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MCI response: How to use armored vehicles to deliver EMS
Fire departments/EMS must carefully coordinate with police to provide rapid initial treatment and patient transport in mass casualty incidents
By Jim Morrissey
As mass casualty incidents continue to challenge public safety agencies, fire, EMS and police response to such events is in a continuous state of evolution. Part of that evolution involves addressing the need for rapid rescue, treatment, extrication and transport of injured victims.
Fire departments/EMS must carefully coordinate with law enforcement officers to provide rapid initial treatment of victims to ensure they get suitable medical care as soon as possible. One option is the use of armored rescue vehicles (ARVs) to deliver police and medical personnel into the hot zone where they can protect, treat and extract victims.
The need for rapid patient transport
We can all agree that the best place for a seriously injured trauma patient is in a trauma center; and the sooner, the better. Point of wounding care and initiation of life-saving interventions on scene clearly makes sense, but on occasions when the threat is still present, putting rescuers in harm’s way might add to the casualty count.
When faced with an active shooter situation with injured people unable to safely extricate themselves, first responders must focus on speed and simplicity, especially if under fire, to save lives. The primary initial responsibility of law enforcement is to neutralize the threat, and all responding officers should be focused on that. In terms of casualties, the goal is get the victims out if possible. In some cases, this can be done safely using an ARV.
If available, responders could use an ARV to provide cover (ballistic protection) between the threat and the casualty, extricate the victim and provide point of wounding care while moving the victim to a safe area for transport. If the situation is such that all of the casualties can be loaded up in the ARV and stabilized, it may be faster to use the ARV to transport the victims to a trauma center instead of off-loading them to a casualty collection point and then transporting by ambulance. The goal of first responders with any trauma victim is to minimize the time between casualties being injured to definitive care, including surgery.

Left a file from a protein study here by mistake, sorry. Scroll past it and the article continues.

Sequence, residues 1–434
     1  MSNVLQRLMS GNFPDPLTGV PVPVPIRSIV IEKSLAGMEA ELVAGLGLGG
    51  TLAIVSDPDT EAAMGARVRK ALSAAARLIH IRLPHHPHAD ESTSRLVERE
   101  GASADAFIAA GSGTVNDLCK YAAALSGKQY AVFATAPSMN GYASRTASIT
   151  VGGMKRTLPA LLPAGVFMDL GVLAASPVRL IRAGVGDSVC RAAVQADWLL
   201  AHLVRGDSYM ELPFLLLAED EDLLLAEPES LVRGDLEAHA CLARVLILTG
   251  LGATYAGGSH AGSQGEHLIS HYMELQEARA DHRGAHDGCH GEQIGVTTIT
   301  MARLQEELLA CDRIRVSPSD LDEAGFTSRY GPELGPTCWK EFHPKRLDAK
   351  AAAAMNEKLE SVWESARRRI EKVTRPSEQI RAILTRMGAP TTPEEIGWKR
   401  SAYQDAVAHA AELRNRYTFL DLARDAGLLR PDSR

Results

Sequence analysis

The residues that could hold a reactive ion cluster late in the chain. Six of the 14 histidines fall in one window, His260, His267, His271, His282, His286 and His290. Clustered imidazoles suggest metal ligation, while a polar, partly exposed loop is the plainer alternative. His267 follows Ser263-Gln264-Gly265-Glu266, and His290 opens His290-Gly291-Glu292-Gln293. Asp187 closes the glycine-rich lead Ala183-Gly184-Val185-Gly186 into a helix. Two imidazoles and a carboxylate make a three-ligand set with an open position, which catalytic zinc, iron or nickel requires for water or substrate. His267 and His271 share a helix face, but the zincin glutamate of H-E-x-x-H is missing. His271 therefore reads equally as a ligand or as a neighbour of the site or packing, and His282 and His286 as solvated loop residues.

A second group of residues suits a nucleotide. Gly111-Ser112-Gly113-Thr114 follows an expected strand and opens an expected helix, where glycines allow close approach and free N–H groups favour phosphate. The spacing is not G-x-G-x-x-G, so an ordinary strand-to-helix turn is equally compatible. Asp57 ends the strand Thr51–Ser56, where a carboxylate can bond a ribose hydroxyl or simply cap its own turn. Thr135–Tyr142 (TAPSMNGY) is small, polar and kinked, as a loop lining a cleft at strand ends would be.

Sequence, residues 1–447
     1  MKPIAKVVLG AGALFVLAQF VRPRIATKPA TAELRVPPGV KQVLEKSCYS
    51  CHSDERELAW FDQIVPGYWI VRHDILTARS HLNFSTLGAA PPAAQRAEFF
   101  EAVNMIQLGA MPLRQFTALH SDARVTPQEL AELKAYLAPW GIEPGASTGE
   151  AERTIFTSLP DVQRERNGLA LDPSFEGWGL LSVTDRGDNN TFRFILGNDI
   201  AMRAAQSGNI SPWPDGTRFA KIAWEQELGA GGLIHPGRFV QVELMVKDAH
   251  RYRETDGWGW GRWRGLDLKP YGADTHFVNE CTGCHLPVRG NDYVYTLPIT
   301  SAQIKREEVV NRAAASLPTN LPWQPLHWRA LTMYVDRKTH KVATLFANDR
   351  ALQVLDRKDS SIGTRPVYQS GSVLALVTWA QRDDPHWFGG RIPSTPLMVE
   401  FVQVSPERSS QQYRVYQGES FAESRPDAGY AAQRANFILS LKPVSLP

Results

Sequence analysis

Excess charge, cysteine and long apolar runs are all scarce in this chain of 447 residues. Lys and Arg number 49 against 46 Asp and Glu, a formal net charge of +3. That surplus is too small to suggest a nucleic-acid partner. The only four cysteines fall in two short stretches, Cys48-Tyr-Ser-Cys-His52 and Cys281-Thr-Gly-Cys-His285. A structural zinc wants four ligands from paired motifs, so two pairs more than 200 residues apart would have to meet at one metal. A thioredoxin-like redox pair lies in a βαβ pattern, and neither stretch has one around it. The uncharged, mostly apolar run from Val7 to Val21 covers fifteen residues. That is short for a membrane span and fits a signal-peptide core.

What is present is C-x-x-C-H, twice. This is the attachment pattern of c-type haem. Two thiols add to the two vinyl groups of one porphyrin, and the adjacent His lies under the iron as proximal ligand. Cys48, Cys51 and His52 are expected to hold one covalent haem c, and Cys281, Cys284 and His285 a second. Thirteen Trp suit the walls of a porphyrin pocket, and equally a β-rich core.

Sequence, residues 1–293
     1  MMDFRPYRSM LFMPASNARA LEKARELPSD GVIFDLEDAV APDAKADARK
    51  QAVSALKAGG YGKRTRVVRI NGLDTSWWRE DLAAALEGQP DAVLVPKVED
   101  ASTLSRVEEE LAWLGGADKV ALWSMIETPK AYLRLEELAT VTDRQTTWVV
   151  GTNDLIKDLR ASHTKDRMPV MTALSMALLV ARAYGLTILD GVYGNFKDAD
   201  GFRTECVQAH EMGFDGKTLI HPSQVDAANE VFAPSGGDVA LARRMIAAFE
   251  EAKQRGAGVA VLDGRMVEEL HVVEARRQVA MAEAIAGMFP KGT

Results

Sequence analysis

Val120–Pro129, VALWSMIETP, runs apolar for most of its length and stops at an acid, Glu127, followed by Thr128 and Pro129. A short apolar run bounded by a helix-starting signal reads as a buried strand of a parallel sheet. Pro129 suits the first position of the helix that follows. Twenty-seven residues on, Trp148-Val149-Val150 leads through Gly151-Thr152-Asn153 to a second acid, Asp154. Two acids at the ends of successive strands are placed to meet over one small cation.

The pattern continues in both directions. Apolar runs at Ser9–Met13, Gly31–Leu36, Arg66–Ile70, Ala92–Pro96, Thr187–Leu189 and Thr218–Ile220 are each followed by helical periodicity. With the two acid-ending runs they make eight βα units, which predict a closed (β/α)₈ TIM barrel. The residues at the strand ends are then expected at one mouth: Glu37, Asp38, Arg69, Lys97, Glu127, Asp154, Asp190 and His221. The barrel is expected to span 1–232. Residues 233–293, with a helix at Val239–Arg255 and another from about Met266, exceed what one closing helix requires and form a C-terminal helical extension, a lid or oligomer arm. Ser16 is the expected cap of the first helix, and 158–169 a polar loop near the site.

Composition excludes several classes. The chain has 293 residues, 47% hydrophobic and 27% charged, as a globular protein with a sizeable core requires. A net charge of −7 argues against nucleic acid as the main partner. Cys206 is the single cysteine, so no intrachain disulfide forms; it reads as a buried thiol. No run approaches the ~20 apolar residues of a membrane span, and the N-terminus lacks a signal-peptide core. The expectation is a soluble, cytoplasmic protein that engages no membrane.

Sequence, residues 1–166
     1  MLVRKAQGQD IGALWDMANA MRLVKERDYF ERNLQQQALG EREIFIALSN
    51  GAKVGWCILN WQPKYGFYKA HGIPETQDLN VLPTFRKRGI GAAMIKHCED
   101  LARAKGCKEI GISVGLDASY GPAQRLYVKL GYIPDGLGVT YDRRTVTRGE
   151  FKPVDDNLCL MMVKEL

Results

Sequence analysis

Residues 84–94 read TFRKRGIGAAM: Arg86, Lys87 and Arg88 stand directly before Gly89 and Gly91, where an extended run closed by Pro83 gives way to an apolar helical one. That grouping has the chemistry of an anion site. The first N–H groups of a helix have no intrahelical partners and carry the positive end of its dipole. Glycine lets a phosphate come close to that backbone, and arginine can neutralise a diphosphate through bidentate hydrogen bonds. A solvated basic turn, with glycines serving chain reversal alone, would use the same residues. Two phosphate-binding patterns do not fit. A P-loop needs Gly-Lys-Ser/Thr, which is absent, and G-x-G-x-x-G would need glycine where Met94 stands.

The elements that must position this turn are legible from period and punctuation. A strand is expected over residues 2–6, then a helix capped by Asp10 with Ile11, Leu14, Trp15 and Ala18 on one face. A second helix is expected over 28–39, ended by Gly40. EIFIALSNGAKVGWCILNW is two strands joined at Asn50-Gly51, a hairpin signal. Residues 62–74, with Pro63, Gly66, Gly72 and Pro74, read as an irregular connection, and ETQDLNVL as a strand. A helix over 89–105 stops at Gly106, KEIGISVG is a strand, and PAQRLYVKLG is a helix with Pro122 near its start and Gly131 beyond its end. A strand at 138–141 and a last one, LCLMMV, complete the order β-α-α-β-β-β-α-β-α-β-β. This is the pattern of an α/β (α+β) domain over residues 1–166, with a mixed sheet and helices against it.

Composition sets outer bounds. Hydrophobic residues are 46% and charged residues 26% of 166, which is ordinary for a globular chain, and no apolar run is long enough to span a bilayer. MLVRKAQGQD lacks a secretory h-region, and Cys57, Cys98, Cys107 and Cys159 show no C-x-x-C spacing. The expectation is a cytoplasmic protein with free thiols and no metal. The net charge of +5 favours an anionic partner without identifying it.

Once the threat has been neutralized, or at least mitigated, all first responders need to focus on quick medical stabilization and rapid transport to a trauma center for the critically injured casualties. The ARV may be the transport of choice for this, assuming it is no longer needed on scene.
Adapting an ARV
Public safety-centric armored vehicles are the result of an evolution of more traditional military armored vehicles and bank delivery armored vehicles. ARVs were originally designed for and are very good at protecting and delivering law enforcement to a specific volatile target location. There have been situations where police have been fired upon while approaching a high-risk target location.
Some ARVs have been specifically outfitted more as a rescue vehicle, rather than an assault vehicle. One of the early designs of a rescue-centric ARV included a trap door at the bottom of the vehicle so that the ARV could drive over and straddle the victim and then the team would pull the victim up into the ARV. This sounded good in theory, but never really became an operational model. Today, ARVs are multi-purpose, and can be configured with hydraulic ramps, ladders, rams and some even have fire suppression capabilities.
ARVs can be outfitted much like an ambulance with features such as O2 ports, suction, IV hangers, cabinets and patient monitors. Another option that has worked for several departments is to have a select amount of modular, trauma care-focused packs that can be on-boarded if the mission is geared towards rescue.
Integrate the ARV into MCI training
Responding to a tactical incident should not be the first time medics get into the back of an ARV. These vehicles tend to have a high center of gravity and loading a casualty takes more personnel and more coordination.
If the use of an ARV is something your fire, EMS and police community is interested in pursuing, then a fair amount of time will need to be dedicated to training in and around these vehicles, before an incident occurs.
About the Author
Jim Morrissey is a former tactical paramedic for the San Francisco FBI SWAT team and the founder of the Tactical Medical Association of California (TMAC). Jim is also the terrorism preparedness coordinator for the Alameda County EMS Agency. Jim has a master’s degree in Homeland Security from the Naval Postgraduate School in Monterey, CA.